One thing I didn't like about the book is that it was too long. Yes, maybe the presentation of a paradigm shift takes repetition and some examples, but I didn't feel this should be longer than an essay.

Another problematic issue was the terminology. Complexity has a widely understood meaning today, yet the authors insist on using it in another way. They define 'pure complexity':

"Pure complexity is not connectedness or integration. It is not the length of the shortest description of a system or of the algorithm for generating it. It has nothing to do with the amount of energy a system uses or how it uses it. In this book, the phrase "pure complexity," or just "complexity" alone and unmodified, always means number of part types or differentiation among parts. And nothing more."

Well, if it is not all the things on the list above maybe they should have used some other, less confusing name. After all, some people are looking for information on what the authors name 'colloquial complexity'. As I understand this book, the authors have two dimensions of diversity: (i) diversity between organisms; (ii) diversity (of parts) within an organism ('pure complexity').

So, I highly recommend this book - read the first chapter to get the general idea and keep reading if you need more information.
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4 of 6 people found the following review helpful By Steven Forth on November 8, 2010
Format: Paperback
Simple ideas are the most difficult. In this short book Daniel McShea and Robert Brandon propose a Zero Force Evolutionary Law (ZFEL). The key idea is that for any evolutionary system where there is variation and heredity, then in the absence of constraints diversity and complexity (narrowly defined) will increase. In other words, change is the steady state. This is one of those ideas that reverses figure and ground. Many of us think of stability as the steady state (stability of species, stability of organizations, stability of market structure) and look for the causes of change (or for ways to cause change). ZFEL tells us that it is the status quo that needs to be explained, and that whenever we see a stable system we need to search for the forces that are keeping it stable. For example, when looking at Gould's punctuated equilibrium (long periods of species stability interspersed with periods of rapid speciation) we usually try to explain the rapid speciation, when what needs explanation is the stability. This is a general principle, and is applicable across all types of evolutionary systems - from genes, through phenotypes to species and ecosystems. I would add that it applies equally to companies and other organizations, markets and economies. If a stock price (or commodity price) is stable there are constraints keeping it that way, and it becomes critical to understand the constraints.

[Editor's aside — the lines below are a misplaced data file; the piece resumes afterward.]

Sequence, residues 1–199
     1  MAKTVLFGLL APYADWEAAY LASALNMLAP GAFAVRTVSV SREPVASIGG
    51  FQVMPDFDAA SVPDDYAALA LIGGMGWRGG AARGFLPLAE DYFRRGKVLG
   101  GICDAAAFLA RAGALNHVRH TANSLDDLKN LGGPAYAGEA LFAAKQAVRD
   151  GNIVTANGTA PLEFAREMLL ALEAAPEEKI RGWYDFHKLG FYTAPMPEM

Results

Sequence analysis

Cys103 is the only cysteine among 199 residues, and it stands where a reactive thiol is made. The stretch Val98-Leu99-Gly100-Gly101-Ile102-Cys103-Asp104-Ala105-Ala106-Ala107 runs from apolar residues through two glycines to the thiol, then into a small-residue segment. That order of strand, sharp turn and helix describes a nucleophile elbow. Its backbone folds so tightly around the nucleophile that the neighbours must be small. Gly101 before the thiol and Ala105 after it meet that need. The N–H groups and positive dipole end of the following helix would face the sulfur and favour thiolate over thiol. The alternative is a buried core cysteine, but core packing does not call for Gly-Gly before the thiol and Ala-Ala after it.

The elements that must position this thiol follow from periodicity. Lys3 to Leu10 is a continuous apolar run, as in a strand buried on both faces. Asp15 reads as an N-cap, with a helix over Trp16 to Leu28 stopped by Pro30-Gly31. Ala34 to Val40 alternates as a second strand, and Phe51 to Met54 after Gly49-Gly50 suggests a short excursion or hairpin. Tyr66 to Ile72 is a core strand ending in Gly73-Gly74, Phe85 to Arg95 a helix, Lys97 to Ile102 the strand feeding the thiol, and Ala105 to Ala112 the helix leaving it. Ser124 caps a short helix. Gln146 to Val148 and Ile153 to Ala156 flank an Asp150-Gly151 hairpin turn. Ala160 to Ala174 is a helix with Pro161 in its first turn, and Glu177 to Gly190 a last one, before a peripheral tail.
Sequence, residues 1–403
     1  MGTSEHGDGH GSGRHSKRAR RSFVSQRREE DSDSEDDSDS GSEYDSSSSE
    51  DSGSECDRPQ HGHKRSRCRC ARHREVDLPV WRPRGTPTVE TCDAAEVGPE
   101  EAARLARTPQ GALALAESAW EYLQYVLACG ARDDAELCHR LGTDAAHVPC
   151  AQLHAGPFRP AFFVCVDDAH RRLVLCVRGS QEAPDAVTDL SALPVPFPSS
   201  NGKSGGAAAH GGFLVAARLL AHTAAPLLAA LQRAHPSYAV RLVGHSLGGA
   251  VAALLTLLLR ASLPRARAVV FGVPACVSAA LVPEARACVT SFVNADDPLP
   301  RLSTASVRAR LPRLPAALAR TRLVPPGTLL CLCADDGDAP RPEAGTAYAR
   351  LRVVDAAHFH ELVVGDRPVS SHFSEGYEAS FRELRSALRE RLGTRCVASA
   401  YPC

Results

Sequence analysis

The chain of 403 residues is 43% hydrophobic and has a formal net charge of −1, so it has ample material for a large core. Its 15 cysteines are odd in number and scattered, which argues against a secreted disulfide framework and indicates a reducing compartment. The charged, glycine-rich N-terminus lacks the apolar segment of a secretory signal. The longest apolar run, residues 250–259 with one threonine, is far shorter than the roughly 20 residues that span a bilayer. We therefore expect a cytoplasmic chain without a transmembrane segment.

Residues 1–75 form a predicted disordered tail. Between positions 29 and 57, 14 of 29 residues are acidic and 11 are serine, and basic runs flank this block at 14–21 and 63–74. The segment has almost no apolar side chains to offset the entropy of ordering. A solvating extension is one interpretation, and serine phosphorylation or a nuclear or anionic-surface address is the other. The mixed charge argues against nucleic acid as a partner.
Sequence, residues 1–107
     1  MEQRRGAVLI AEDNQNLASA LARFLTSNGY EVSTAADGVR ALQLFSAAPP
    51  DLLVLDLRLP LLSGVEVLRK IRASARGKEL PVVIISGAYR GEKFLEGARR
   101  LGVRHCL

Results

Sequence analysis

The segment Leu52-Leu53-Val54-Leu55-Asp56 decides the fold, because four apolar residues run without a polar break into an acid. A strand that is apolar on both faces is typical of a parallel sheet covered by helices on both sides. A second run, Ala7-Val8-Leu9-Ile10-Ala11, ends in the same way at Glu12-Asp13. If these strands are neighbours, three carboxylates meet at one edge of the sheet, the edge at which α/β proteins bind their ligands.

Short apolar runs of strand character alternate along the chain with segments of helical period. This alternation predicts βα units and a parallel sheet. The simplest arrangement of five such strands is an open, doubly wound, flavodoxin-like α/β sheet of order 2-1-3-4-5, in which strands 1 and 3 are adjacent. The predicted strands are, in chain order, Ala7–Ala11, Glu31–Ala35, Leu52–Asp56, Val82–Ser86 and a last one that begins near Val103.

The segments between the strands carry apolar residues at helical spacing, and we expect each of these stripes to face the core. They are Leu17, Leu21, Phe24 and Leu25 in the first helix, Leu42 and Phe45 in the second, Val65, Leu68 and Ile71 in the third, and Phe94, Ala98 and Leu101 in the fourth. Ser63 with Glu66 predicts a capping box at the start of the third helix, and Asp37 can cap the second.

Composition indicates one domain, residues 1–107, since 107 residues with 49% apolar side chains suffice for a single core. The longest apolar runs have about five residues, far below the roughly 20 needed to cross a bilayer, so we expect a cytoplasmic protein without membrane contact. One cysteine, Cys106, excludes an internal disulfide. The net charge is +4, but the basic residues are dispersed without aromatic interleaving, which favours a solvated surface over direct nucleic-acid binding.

There are many valuable contributions in this book, especially for someone like me who has a limited knowledge of theoretical biology and the philosophy of biology. The distinction between trends and trend mechanism seems widely applicable to any modular system undergoing change (applications to object oriented design and analysis and to modular systems design are obvious).